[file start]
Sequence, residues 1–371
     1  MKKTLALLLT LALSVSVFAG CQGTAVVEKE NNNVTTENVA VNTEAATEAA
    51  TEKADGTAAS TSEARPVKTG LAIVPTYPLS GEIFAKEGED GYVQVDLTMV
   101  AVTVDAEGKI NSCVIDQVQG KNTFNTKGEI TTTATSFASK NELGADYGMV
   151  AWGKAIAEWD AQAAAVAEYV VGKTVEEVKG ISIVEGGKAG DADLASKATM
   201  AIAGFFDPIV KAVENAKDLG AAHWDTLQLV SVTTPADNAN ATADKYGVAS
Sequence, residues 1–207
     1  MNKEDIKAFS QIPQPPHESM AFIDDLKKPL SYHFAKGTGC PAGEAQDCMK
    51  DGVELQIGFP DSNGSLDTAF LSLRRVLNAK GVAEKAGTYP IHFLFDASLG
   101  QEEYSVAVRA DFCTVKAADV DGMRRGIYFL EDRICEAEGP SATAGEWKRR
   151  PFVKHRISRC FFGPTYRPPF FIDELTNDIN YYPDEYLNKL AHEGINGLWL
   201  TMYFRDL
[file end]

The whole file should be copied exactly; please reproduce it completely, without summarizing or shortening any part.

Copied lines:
Sequence, residues 1–371
     1  MKKTLALLLT LALSVSVFAG CQGTAVVEKE NNNVTTENVA VNTEAATEAA
    51  TEKADGTAAS TSEARPVKTG LAIVPTYPLS GEIFAKEGED GYVQVDLTMV
   101  AVTVDAEGKI NSCVIDQVQG KNTFNTKGEI TTTATSFASK NELGADYGMV
   151  AWGKAIAEWD AQAAAVAEYV VGKTVEEVKG ISIVEGGKAG DADLASKATM
   201  AIAGFFDPIV KAVENAKDLG AAHWDTLQLV SVTTPADNAN ATADKYGVAS
Sequence, residues 1–207
     1  MNKEDIKAFS QIPQPPHESM AFIDDLKKPL SYHFAKGTGC PAGEAQDCMK
    51  DGVELQIGFP DSNGSLDTAF LSLRRVLNAK GVAEKAGTYP IHFLFDASLG
   101  QEEYSVAVRA DFCTVKAADV DGMRRGIYFL EDRICEAEGP SATAGEWKRR
   151  PFVKHRISRC FFGPTYRPPF FIDELTNDIN YYPDEYLNKL AHEGINGLWL
   201  TMYFRDL